Pembina Institute

Our Pembina story...

It began in October 1982 with the worst sour gas incident in Canadian history - the Amoco Lodgepole Blowout, outside Drayton Valley in west Central Alberta (click to read our story).

Marked by an unmistakable rotten egg-like smell, deadly hydrogen sulphide spewed across the countryside reaching as far as Saskatchewan.  Some residents and livestock were evacuated, those who weren't were exposed to a suite of toxic gases causing many to fall ill. 

A group of school teachers, farmers and 250 other concerned citizens banded together to ensure such an accident would never happen again. They forced a public inquiry and secured more than 80 regulatory changes.

From this early success, the Pembina Institute for Appropriate Development was formed in 1984 and incorporated in 1985. Founders, including Rob Macintosh and Wally Heinrichs, shared interests in peace, human rights, nuclear disarmament, international development, clean technology and the environment.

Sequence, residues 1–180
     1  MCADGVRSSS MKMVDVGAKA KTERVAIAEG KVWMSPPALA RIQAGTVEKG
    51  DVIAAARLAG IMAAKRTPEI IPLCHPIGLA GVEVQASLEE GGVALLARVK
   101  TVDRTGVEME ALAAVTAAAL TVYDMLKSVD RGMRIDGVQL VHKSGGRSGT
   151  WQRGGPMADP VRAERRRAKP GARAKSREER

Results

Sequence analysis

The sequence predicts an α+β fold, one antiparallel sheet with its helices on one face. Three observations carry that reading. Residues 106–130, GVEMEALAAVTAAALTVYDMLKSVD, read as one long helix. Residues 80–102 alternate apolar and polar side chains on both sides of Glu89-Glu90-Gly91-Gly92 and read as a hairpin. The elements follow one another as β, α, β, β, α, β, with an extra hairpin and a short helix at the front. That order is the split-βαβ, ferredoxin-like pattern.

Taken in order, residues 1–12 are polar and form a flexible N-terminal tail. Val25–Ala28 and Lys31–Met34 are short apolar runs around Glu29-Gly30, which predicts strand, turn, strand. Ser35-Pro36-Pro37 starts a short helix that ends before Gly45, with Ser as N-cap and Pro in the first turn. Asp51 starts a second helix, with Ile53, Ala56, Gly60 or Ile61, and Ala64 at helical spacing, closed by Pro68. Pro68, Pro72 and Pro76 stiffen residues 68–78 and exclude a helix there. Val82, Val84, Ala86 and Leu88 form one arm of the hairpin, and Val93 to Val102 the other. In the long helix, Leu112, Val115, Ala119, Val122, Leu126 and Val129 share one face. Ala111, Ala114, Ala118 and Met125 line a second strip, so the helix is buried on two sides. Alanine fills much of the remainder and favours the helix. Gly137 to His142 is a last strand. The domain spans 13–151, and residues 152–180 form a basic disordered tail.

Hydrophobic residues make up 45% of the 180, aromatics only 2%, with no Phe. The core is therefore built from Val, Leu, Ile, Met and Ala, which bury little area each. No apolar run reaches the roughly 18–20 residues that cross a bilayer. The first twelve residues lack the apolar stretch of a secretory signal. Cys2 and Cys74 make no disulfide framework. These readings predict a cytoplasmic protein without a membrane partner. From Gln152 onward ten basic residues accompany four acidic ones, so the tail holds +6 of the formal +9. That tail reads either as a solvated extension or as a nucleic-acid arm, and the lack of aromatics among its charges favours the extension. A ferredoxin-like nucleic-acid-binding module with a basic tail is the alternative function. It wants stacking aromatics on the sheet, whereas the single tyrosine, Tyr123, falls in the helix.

The name was deliberately chosen, denoting: local roots in the Pembina oilfield and along the Pembina River, a basis in well-grounded research with Institute, a position for solutions as opposed to against issues, and a focus on environmentally and socially appropriate development just before sustainable development was popularized by Gro Harlem Brundtland.

In the first decade, a small staff core worked with volunteers to reduce sulphur emissions in gas plants, fight Apartheid, develop a federal green plan and help create the new Alberta Environmental Protection Act.